2. Requirement to Conduct a Data Protection Impact Assessment (DPIA): Prior to any new Services being offered to the public which are likely to be accessed by children, the Act requires that the business complete a DPIA and maintain documentation of this assessment for as long as the Services are likely to be accessed by children. The DPIA must (i) be reviewed biennially and (ii) contain certain prescribed information, including the purpose of the Services, how it uses children’s personal information and the risk of material detriment to children that arise from the businesses’ data management practices. In the event any risk of material detriment is identified, the business must create a timed plan to mitigate or eliminate such risks prior to the Services being accessed by children. Moreover, within three business days of a request by the Attorney General, a business is required to share a list of all DPIAs conducted, although the DPIA shall be deemed confidential and exempt from public disclosure.
3. High Privacy Default Settings: All default privacy settings provided to children by the Services must be configured to offer a high level of privacy, unless the business can demonstrate a compelling reason that a different setting is in the best interests of children.
4. Clear, Age-Appropriate Privacy Information: Any privacy information, terms of service, policies or community standards must be concise, prominently displayed and use clear language suited to the age of children likely to access the Service. Any published terms, policies and standards established by the business must be enforced.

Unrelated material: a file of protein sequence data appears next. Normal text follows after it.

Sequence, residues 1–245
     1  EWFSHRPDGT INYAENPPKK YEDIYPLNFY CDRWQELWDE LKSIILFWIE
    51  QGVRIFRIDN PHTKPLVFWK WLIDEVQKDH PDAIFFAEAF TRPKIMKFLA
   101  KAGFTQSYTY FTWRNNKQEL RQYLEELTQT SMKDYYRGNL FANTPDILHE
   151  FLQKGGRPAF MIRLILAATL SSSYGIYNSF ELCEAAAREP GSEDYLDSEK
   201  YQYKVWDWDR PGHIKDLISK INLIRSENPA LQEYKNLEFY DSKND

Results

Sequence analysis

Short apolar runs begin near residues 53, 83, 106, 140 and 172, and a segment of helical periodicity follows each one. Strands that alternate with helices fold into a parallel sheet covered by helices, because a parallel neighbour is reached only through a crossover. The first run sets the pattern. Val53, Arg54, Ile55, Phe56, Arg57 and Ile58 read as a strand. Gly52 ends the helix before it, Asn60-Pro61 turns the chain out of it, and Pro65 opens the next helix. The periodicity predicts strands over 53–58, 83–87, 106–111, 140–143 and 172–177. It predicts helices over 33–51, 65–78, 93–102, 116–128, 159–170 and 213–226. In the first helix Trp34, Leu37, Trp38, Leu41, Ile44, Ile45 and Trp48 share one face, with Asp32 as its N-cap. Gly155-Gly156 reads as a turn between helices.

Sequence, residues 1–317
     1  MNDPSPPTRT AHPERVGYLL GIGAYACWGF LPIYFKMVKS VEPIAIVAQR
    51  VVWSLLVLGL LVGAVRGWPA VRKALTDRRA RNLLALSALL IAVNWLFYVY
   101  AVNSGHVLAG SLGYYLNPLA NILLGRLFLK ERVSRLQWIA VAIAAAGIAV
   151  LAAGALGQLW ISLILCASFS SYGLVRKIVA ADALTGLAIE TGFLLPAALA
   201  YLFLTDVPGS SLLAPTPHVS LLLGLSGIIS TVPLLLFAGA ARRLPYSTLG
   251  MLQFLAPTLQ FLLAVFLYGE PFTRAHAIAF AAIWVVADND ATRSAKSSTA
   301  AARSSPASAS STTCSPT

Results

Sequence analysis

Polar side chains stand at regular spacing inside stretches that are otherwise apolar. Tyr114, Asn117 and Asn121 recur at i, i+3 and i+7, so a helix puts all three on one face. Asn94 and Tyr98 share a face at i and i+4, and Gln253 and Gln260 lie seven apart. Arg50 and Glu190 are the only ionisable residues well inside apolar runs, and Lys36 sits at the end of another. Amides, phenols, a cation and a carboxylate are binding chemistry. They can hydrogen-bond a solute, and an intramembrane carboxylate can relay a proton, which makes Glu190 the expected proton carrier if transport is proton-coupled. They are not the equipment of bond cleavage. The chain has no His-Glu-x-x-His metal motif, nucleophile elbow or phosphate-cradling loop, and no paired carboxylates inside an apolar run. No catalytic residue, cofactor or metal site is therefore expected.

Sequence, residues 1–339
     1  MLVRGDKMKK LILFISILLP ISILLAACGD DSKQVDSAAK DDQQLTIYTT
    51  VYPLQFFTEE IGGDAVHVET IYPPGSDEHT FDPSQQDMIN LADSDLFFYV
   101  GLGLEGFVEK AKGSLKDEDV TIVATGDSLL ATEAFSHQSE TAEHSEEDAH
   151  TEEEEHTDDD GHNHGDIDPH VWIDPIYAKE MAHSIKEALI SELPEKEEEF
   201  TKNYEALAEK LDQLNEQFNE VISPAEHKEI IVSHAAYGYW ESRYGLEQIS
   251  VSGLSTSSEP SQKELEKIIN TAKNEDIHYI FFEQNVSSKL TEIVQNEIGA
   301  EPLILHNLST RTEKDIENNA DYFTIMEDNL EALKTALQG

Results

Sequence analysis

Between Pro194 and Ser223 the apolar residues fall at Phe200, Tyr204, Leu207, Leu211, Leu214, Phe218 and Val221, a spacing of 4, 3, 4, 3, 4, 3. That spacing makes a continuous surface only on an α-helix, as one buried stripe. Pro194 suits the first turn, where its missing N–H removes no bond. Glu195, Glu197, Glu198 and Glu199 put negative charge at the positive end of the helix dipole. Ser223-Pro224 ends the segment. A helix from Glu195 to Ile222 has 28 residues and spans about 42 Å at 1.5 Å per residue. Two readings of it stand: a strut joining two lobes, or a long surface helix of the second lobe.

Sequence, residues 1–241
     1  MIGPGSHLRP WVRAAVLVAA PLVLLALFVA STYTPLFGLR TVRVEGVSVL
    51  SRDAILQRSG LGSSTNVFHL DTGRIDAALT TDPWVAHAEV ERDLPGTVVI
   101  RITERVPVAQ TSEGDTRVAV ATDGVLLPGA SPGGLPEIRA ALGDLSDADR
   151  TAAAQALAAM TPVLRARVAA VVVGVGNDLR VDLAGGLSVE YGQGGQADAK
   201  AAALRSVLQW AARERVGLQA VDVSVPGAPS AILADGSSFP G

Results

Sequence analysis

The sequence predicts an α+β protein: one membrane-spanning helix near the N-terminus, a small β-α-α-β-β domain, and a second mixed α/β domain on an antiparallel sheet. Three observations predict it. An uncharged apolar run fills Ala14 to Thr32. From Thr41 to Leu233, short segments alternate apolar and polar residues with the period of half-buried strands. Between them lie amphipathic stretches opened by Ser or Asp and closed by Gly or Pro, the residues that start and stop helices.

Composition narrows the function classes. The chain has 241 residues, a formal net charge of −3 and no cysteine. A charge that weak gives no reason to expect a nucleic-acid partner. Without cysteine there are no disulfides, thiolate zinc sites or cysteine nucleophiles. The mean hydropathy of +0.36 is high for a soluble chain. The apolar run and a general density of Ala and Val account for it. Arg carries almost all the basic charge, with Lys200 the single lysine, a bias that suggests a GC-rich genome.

5. Tracking and Geolocation Settings: Any Services allowing a child’s parent or guardian (or other consumer) to monitor a child’s activity or track their location must be supplemented by an obvious signal to the child when the child is being monitored or tracked. Businesses are prohibited under the Act from (i) collecting, sharing or selling any precise geolocation information about children by default unless such collection is “strictly necessary” and only for a limited time, and (ii) collecting such information without providing an obvious sign to the child for the duration of the collection.
6. Rights and Reporting Tools: Businesses must provide prominent, accessible and responsive tools to help children exercise their rights and report concerns.
7. Data Privacy Restrictions: The Act imposes a number of restrictions on the actions of businesses that provide Services likely to be accessed by children, including stipulating that businesses must not:
- Use the personal information of a child in a way that is materially detrimental to their mental or physical health or wellbeing;
- Profile a child by default unless certain prescribed conditions can be satisfied;
- Collect, sell, share or retain any personal information that is not necessary to provide the Services, unless the business can demonstrate a compelling reason that it is otherwise in the best interests of the child;
- Use personal information for any reason other than the reason for which it was collected if the end user is a child, unless the business can demonstrate a compelling reason that it is otherwise in the best interests of the child; and